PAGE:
Optical fiber transport networks have been evolving rapidly to meet the demands of today's telecommunications by
providing unprecedented transmission capacity and reach. In dense wavelength-division-multiplexing (DWDM)
transport systems, 10-Gb/s channels are widely deployed, and 40-Gb/s channels are starting to be added in the same
systems. In the foreseeable future, 100-Gb/s channels are expected to be carried. The realization of such high spectral-
efficiency DWDM systems with mixed data rates and signal formats presents several technical challenges. In this paper,
we review these challenges and discuss promising technologies that may potentially address these challenges.
Optical fiber transport networks have been evolving rapidly to meet the demands of today's telecommunications such as unprecedented transmission capacity and reach. Fiber nonlinearity becomes an important issue as the transmission capacity and reach increase, and appropriate management of fiber nonlinearity is necessary. We review the progresses on some novel techniques for managing fiber nonlinearity in modern optical transmission systems. Advanced optical modulation techniques that allow optical signals to have high tolerance to both inter-channel and intra-channel nonlinear effects will be discussed. In particular, differential phase-shift keying (DPSK) and its impact in high-speed dense wavelength-division-multiplexing (DWDM) systems will be described. Novel dispersion management methods that suppress nonlinear effects will also be reviewed, particularly in the context of scalable and transparent optical transport networks having mixed 10 Gb/s and 40 Gb/s DWDM channels and optical add/drop multipliers (OADM). Electronic techniques that compensate for fiber nonlinearity at the transmitter side and the receiver side will be briefly discussed.
Optical packet switching (OPS) and optical burst switching (OBS) are regarded as next-generation transport technologies that enable more efficient and flexible utilization of the capacity of optical networks by providing sub-wavelength granularity. Optically labelled packet transmission based on orthogonal intensity-modulation/differential-phase-shift-keying (IM/DPSK) modulation format, in which the payload is intensity modulated while the label is carried by DPSK has been proposed and demonstrated. More recently, it was found that using DPSK/IM for payload/label modulation and a balanced receiver for DPSK detection is more advantageous. In these optical label encoding schemes, two optical modulators are required, one for encoding the payload and the other for the label. In this paper, we demonstrate a novel payload and label encoding technique based on a single Mach Zehnder (MZ) modulator. In this scheme, the RF port of the MZ modulator is used to encode a 10G DPSK payload while the bias port is used to impose the label information through an appropriate intensity modulation. Direct detection of the label is achieved with an inexpensive low-speed receiver while the DPSK payload is decoded by using an optical 1-bit delay interferometer before detection by either a single or a balanced detector. Experimental results show superior receiver sensitivity for both the label and the payload, which compares favourably with previous reported schemes and with the advantage of using only a single modulator. Furthermore, we show that label removal and re-insertion can be realized in the RF domain without any polarization dependence.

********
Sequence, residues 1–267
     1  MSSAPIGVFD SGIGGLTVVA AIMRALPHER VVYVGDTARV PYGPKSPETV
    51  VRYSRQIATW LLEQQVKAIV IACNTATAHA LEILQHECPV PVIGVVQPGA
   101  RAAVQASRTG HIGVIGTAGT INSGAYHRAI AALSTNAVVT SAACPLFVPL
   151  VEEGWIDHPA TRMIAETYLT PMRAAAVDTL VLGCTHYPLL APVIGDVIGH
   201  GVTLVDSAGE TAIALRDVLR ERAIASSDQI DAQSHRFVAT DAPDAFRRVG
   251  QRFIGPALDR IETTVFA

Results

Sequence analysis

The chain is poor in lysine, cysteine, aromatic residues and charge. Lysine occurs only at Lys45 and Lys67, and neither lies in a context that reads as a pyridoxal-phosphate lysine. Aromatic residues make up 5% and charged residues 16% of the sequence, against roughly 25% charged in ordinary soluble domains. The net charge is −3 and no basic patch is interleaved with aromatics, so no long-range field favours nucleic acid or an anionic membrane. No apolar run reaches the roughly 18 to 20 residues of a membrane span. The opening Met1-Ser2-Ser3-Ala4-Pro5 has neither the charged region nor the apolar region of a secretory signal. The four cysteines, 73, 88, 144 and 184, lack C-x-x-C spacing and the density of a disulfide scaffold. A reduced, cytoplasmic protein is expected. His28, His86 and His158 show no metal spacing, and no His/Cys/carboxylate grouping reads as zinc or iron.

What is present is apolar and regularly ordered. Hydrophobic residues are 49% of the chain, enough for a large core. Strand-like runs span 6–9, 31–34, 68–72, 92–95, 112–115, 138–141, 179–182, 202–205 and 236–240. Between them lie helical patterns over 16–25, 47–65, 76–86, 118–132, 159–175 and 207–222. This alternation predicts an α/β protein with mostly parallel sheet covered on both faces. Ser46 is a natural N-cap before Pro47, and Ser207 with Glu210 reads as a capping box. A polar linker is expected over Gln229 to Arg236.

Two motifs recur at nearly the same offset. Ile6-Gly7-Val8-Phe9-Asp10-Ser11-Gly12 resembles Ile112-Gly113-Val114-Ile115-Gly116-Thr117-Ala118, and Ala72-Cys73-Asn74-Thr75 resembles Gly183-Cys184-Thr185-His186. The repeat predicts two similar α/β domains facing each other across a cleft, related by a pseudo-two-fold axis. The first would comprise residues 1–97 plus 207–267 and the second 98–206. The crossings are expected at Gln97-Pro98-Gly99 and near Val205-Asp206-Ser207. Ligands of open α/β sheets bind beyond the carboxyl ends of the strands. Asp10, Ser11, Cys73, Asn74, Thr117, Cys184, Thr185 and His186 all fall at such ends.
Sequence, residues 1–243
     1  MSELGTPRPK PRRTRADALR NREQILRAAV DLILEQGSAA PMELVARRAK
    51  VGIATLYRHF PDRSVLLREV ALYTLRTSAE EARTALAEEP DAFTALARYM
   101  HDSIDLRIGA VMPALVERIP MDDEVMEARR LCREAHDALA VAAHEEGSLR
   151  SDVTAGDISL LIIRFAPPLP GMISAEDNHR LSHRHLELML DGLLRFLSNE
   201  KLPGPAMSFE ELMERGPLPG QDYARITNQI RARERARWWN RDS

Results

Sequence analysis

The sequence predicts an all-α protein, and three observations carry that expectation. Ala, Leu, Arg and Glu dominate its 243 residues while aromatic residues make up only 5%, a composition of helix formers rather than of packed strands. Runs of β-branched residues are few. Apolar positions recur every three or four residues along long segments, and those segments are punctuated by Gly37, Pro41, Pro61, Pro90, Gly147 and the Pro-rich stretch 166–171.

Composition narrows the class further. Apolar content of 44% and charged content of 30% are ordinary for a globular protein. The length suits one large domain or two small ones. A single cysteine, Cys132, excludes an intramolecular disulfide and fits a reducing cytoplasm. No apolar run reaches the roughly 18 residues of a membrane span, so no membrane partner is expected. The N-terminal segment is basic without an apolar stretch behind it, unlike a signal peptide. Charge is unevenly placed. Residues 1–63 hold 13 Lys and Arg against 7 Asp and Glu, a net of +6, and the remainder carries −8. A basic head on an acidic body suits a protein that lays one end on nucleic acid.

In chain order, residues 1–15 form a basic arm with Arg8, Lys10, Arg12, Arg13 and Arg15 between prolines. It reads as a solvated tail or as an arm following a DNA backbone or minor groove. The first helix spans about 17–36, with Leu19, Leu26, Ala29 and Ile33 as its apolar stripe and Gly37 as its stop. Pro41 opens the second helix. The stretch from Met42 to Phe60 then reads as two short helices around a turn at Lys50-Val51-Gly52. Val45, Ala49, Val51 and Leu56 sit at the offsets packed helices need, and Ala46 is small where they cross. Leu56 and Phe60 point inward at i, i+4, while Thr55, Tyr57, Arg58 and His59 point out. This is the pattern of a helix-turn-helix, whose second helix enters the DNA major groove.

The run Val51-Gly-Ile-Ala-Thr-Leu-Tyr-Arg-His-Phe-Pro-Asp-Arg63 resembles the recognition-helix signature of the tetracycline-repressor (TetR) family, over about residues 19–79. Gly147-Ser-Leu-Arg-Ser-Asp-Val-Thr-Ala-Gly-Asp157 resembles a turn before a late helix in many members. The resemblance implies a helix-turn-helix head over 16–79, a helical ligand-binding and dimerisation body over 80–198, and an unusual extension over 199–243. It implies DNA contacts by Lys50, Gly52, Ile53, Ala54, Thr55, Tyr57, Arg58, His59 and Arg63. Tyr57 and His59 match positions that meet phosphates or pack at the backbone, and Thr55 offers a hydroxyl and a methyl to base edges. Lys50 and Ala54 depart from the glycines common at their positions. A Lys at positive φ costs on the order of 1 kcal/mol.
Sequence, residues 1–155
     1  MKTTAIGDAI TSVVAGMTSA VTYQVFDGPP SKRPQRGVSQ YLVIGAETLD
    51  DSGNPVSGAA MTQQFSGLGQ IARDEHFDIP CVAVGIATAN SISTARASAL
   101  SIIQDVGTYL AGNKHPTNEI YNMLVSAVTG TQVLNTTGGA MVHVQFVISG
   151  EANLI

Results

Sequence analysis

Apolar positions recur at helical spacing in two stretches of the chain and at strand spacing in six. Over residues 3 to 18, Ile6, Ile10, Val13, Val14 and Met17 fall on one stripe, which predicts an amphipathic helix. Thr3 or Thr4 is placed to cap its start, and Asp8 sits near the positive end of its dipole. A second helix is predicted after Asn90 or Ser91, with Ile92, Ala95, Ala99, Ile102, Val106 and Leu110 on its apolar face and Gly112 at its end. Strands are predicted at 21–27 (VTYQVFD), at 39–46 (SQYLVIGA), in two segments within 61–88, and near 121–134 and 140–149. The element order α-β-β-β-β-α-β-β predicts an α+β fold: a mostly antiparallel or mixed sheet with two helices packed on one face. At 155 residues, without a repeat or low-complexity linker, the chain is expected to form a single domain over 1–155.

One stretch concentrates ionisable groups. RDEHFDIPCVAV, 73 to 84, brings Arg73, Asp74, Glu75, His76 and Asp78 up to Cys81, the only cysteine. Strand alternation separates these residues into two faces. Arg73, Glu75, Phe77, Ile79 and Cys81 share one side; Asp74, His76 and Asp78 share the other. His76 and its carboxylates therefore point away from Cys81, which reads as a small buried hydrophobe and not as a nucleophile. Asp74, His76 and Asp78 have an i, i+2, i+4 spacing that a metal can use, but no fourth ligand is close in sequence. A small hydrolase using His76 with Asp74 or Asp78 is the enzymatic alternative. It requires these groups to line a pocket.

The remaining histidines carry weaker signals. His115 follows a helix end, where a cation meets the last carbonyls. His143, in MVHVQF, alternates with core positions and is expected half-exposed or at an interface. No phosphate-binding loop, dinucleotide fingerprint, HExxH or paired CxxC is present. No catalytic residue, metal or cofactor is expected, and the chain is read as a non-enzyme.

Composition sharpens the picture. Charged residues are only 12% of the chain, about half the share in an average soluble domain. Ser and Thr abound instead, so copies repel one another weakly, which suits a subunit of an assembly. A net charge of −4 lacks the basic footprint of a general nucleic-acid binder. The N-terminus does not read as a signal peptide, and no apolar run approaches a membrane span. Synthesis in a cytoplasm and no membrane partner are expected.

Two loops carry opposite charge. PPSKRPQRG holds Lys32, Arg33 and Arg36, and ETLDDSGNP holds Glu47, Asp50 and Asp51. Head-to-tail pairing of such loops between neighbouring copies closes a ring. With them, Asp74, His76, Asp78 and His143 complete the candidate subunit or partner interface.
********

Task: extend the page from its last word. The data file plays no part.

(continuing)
Dispersion properties of the novel tapered air-silica microstructure fibers are measured between 1.3 and 1.65 micrometers by white-light interferometry. Dispersion values ((beta) 2) of -181 ps2/km and -152 ps2/km were obtained for 2.2 micrometers and 3 micrometers core sizes, respectively, at (lambda) equals1.55 micrometers .
Dispersion-managed solitons and their applications in ultra- long-haul transmissions are presented. The advantages of dispersion managed soliton transmissions over those of ordinary soliton and chirped RZ formats will be discussed. New designs in dispersion mapping, amplification (both Raman and EDFA), and transmitters and receivers will also be presented.
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